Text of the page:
Plays like the work of a brilliant creator with a gift for words whose intensity shifted into watching a lot of Martin Scorcese, reading too much Alan Moore, and playing a shit load of Grand Theft Auto. SPOILERS.
TRUE DETECTIVE made it a best-seller, but this odd, proto-Lovecraftian collection of short stories deserves all the attention Dim Carcosa is getting.
22. BANI GARU
Lea Hernandez’s webcomic has been doling out hilarious and depressing peeks behind the curtain of Gainax during the wild west days of anime in America.
21. THE LEGO MOVIE
The first movie about toys that actually has something to say about playing with toys. It helps that it’s about the BEST toys.
20. THE WIND RISES
Hayao Miyazaki’s low-key, but beautiful-as-ever, goodbye to the film form (or so he claims). It would be sadder if we didn’t know he’d be spending all his time on comics, now. The Nausicaa manga is still the best thing he’s ever made.
An artist and a romantic. We like this guy.
18. WINTER SOLDIER #1
THE BITTER MARCH is a pulpy throwback from Rick Remender and Roland Boschi, a slick James Bondish slice of comics yarn-spinning. Toss in a pretty killer trailer for the upcoming CAPTAIN AMERICA: WINTER SOLDIER, and it’s been a good month for one bad dude.
17. Bill Mantlo & Rocket Raccoon
Rocket Raccoon. This month we’ve seen him in movie trailers, in toys, in comics (including the announcement of his own solo series!). But as much as we love ol’ Rocky, the best part of this exposure has been the excuse to talk about his creator, Bill Mantlo.
16. Arctic Monkeys
The young Brits played their first Madison Square Garden this month and rocked the joint. A continent away, the even-younger Chvrches covered one of their new songs and the chocolate-and-peanut-butter mix was glorious.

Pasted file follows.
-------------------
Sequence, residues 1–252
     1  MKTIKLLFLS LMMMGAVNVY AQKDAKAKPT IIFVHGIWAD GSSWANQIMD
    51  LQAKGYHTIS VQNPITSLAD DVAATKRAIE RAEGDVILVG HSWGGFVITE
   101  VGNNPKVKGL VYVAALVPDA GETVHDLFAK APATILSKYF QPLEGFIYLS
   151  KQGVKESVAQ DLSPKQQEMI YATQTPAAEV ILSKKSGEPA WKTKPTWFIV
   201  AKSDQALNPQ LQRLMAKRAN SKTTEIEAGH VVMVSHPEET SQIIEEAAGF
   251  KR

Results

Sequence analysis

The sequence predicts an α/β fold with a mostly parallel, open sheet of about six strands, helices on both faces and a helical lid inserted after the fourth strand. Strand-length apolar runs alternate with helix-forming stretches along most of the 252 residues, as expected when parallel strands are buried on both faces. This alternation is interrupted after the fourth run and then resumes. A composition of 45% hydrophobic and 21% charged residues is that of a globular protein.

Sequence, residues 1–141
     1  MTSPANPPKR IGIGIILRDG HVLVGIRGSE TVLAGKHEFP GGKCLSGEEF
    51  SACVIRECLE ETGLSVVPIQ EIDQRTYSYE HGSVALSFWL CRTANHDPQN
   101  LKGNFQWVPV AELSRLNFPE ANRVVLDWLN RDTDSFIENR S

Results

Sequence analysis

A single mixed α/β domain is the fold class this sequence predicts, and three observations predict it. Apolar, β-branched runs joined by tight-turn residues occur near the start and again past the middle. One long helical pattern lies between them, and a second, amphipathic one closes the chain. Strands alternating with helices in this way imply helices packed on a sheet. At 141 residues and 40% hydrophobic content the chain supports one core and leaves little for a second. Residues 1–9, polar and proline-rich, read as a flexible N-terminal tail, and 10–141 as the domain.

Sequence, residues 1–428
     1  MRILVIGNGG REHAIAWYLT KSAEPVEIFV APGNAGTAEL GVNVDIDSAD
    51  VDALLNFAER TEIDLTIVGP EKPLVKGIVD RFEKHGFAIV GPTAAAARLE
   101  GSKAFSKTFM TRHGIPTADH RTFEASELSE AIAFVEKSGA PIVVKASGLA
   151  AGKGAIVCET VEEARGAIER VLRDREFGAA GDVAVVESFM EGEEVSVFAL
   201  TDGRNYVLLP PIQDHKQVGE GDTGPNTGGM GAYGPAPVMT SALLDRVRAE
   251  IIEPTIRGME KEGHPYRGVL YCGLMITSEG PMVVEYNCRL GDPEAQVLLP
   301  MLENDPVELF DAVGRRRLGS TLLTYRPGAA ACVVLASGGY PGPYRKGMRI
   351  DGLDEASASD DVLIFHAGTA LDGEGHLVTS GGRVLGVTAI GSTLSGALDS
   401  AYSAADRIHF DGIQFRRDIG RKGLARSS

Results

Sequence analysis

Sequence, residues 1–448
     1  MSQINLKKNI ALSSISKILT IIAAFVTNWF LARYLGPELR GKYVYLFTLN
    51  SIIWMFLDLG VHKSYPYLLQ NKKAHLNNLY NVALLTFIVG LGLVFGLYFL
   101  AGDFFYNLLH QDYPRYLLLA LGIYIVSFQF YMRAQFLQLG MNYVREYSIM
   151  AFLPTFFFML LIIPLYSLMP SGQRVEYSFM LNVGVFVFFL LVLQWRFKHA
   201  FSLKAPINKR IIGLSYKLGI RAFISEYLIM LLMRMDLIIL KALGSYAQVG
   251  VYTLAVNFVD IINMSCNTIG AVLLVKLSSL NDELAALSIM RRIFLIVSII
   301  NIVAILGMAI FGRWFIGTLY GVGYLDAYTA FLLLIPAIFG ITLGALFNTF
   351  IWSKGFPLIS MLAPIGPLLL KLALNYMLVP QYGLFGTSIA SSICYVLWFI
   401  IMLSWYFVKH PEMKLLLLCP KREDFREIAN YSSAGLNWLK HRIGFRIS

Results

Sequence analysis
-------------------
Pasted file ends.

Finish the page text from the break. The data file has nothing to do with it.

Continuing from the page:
15. “Traditional Fish Sex”
The one good thing to come out of that ridiculous Creationism debate(/museum advertisement) was the simultaneous tweeting of this phrase by about 8 million* tweetsters.
14. BRAVELY DEFAULT
Square Enix just proved they could still make a good RPG, after all. The best part? Acknowledging (like The LEGO Movie did!) the different ways that gamers like to play, and letting us dictate the nuts & bolts of the experience without ruining the fun. Let’s make this a new trend, k?
13. NUMBER 1
Box Brown’s love of wrestling is the springboard for this top-notch slice of life story about a young outsider and an over the hill wrestler. Box’s economy of storytelling brings several different kinds of people into sharp focus, as his Retrofit imprint doubles up on this Top 40.
Richardson brings Hughes aching soul-song “The Negro Speaks of Rivers” to iridescent life, in black, white and blood red.
In its first issue, Charles Soule delivered exactly the kind of legal fun that She-Hulk is uniquely built to bring us, while Javier Pulido & Muntsa Vicente elevated it all to one beautifully enjoyable comic.